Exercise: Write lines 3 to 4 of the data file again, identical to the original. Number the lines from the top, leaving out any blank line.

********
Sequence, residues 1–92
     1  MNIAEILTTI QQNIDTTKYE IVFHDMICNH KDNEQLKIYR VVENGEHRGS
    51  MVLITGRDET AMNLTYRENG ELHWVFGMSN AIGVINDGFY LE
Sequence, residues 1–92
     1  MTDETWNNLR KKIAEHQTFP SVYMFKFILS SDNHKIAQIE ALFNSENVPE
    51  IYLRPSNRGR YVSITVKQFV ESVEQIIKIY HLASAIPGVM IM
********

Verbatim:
    51  MVLITGRDET AMNLTYRENG ELHWVFGMSN AIGVINDGFY LE
Sequence, residues 1–92